As Punjab grapples with fiscal management amid Covid-19 crisis, the state agriculture department has suggested to the government to ban plantation of paddy in dark zones which will not only help the underground water aquifers but also save crores being spent on free power to farmers.
While the finance department of the state had already suggested to the government to do away with the subsidy to at least big farmers, and save resources, the government is yet to take a decision as it may have political ramifications. The government has, however, slashed cell phone allowance of its employees. It has also reduced by 25 per cent the entitlement of fuel of government officials who are not in key Covid departments.
Sources in the agriculture department said that they have suggested to the government that the paddy cultivation should at least be banned in dark zones in Punjab on the lines of Haryana. This would not only help the state save underground water but also crores on subsidy.
A functionary said, “If we stop paddy cultivation in these areas where the underground water is critically declined, we will help the state. We can use the money thus saved for diversification.”
He added that the small measures like slashing mobile allowance and reducing petrol entitlement would not mean much as it would save only a few crores. A major decision is to be taken to make a difference.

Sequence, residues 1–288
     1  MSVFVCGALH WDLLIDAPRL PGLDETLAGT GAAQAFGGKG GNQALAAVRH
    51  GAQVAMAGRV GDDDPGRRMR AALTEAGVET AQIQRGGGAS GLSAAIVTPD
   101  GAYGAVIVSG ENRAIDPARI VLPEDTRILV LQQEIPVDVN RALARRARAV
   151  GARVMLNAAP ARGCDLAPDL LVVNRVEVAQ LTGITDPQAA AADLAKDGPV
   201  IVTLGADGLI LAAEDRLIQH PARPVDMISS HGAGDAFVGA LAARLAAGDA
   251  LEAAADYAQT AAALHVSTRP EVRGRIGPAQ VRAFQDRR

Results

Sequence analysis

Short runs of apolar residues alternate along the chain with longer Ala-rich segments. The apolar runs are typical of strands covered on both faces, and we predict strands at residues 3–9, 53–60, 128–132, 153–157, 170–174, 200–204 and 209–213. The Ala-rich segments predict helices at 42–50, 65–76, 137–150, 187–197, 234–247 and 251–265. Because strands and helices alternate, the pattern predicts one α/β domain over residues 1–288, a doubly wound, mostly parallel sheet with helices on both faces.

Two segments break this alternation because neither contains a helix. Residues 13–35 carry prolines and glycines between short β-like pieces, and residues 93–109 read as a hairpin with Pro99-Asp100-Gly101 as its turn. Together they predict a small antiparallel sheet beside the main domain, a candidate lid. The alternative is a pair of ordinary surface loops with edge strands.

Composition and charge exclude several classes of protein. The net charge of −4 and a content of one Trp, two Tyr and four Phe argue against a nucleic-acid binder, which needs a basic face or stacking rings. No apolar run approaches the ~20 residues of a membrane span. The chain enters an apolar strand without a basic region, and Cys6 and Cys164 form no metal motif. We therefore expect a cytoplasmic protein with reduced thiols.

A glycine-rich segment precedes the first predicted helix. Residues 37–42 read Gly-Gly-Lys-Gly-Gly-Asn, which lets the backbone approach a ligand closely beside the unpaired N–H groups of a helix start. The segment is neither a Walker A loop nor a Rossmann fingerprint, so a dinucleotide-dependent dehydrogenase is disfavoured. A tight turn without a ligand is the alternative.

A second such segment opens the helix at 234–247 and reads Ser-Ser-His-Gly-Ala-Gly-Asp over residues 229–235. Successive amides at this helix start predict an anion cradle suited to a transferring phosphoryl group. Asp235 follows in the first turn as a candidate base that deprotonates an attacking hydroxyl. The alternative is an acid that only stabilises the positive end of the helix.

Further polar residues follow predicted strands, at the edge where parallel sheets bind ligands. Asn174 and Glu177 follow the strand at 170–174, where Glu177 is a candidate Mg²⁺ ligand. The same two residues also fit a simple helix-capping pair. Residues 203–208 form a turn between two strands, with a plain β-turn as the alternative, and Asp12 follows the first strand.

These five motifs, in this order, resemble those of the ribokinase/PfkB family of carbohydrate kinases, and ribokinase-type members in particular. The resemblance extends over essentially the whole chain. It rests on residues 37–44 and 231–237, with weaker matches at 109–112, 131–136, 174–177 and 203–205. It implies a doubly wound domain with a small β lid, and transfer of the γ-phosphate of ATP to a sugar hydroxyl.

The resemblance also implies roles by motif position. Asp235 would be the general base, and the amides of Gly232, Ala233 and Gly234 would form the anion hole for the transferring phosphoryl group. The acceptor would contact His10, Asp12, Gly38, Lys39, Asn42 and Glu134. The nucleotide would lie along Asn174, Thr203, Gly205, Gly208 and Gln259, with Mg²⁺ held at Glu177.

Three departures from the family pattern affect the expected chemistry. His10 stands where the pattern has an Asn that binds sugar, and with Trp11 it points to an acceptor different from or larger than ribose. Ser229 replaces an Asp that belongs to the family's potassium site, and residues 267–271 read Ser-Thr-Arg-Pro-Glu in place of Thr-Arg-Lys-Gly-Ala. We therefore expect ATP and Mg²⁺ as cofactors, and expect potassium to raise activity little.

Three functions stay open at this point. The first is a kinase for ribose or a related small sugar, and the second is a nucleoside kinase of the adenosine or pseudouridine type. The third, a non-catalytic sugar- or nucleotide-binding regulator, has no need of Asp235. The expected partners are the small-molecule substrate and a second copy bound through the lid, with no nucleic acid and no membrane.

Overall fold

Punjab has over 14 lakh tubewells that pump out water indiscriminately and paddy is a major cash crop of the state. As per a report of Central Ground Water Board, about 79 per cent area of the state is over-exploited. Out of 138 blocks, 103 blocks are “over-exploited”, five blocks are “critical”, four blocks are “semi-critical” and only 26 blocks are in “safe” category.
Paddy is blamed for over-exploitation of water as on average there are 34 tubewells per square kilometre of net sown area in Punjab which is a dense coverage of pump sets. Chief Minister Amarinder Singh has often warned that ground water resources are likely to be used up by the year 2039 and the state may end up being a desert.
At the same time, the state’s subsidy bill has crossed Rs 10,000 crore mark in the current fiscal. “Even if we are able to give reprieve to 1 lakh tubewells in dark zones by diversifying to maize, we can save at least Rs 500 crore,” the functionary said. The state government pays Rs 48,000 for subsidy on every tubewell annually.
The decision is, however, unlikely. With farmers being a major vote bank and only one season of paddy left before the state goes to Assembly elections in early 2022, the political decision may not come easy. Paddy plantation is already over in Punjab for this season. The next season would be next year and that would be too close to the elections.
The districts, including Barnala, Bathinda, Fatehgarh Sahib, Hoshiarpur, Jalandhar, Moga, Mohali, Pathankot, Patiala and Sangrur are mainly affected.
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